• What about movies? (Score:5, Interesting)

    by Apotekaren (904220) on Wednesday August 04, 2010 @01:22AM (#33134428)

    So why are movies entitled to depict ongoing wars for profit and entertainment without this risk for backlash?
    How many movies haven't already been made about the wars in Iraq or Afghanistan, and often getting critical praise for their guts to comment on something so fresh and close to heart?

  • by johnhp (1807490) on Wednesday August 04, 2010 @01:27AM (#33134452)
    My father-in-law is a Vietnam vet. Anyway, he's surprisingly into video games for a guy his age, and he likes the Call of Duty style games. As far as I can tell he doesn't find it uncomfortable at all to play war games.

    I did find one aspect of war games that upset him. He watched me playing Call of Duty or some game like that, and I was playing the offline campaign. A bunch of allied AI troops were in my way and I shot them down while laughing. He said that I, or maybe just my actions, were "sick" and said something else about how you shouldn't fire on your own guys, then got up and left the room.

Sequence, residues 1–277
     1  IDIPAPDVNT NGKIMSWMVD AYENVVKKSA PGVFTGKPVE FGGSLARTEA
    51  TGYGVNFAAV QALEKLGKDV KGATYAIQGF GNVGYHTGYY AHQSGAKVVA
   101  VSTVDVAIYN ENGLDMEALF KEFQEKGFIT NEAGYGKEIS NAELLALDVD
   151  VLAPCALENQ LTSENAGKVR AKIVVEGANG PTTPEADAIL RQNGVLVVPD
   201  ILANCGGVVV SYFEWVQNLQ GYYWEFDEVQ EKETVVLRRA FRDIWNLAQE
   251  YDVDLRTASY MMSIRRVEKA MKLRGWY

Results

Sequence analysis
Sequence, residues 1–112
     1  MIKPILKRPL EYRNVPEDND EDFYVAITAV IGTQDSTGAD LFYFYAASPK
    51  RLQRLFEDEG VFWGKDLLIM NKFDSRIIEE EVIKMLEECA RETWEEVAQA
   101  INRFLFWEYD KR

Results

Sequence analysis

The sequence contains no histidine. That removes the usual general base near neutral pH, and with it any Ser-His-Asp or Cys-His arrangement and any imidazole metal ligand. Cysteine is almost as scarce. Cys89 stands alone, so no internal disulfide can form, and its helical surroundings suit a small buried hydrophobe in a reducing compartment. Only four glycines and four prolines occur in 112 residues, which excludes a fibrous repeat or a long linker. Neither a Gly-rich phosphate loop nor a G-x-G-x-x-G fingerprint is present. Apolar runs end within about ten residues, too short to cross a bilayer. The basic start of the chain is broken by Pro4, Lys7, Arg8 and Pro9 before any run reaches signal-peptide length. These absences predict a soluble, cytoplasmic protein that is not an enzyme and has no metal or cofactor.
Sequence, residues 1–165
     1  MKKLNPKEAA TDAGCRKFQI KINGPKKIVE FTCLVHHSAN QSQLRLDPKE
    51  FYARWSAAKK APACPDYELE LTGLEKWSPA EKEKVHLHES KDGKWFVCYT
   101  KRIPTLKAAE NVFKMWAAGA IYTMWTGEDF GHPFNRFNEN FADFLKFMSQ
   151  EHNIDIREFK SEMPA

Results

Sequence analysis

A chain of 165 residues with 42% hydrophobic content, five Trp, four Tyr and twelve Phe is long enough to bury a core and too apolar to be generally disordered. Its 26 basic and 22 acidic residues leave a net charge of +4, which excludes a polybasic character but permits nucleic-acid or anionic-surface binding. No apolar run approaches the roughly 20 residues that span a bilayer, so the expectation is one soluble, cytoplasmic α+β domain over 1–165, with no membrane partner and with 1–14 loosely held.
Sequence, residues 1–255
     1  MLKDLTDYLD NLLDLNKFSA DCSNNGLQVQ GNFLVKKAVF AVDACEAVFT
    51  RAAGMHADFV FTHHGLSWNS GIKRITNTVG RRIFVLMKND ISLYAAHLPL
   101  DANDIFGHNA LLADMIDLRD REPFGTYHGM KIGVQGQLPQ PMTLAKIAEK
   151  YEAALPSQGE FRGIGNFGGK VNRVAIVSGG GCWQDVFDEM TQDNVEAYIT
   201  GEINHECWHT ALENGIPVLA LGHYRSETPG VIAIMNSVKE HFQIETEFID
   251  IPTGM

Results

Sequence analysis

• by gravos (912628) on Wednesday August 04, 2010 @01:32AM (#33134474) Homepage

    I guess the point that TFA is trying to make is that WW2, Vietnam games are tolerated because those are OLD, long-gone wars that don't have much resonance with most people these days. It doesn't get portrayed in the media every day, etc, etc... But games set in unresolved warzones are more tricky because fight hasn't finished and people still have skin in the game.

    That's true and all, but I don't think it means you can't make modern conflicts into games. It just means good judgement is much more important. You can't apply some formula, you have to actually think about how you portray each side and how people are going to react. You have to be careful, but there is still a lot of room for creativity.

  • by johnhp (1807490) on Wednesday August 04, 2010 @02:17AM (#33134688)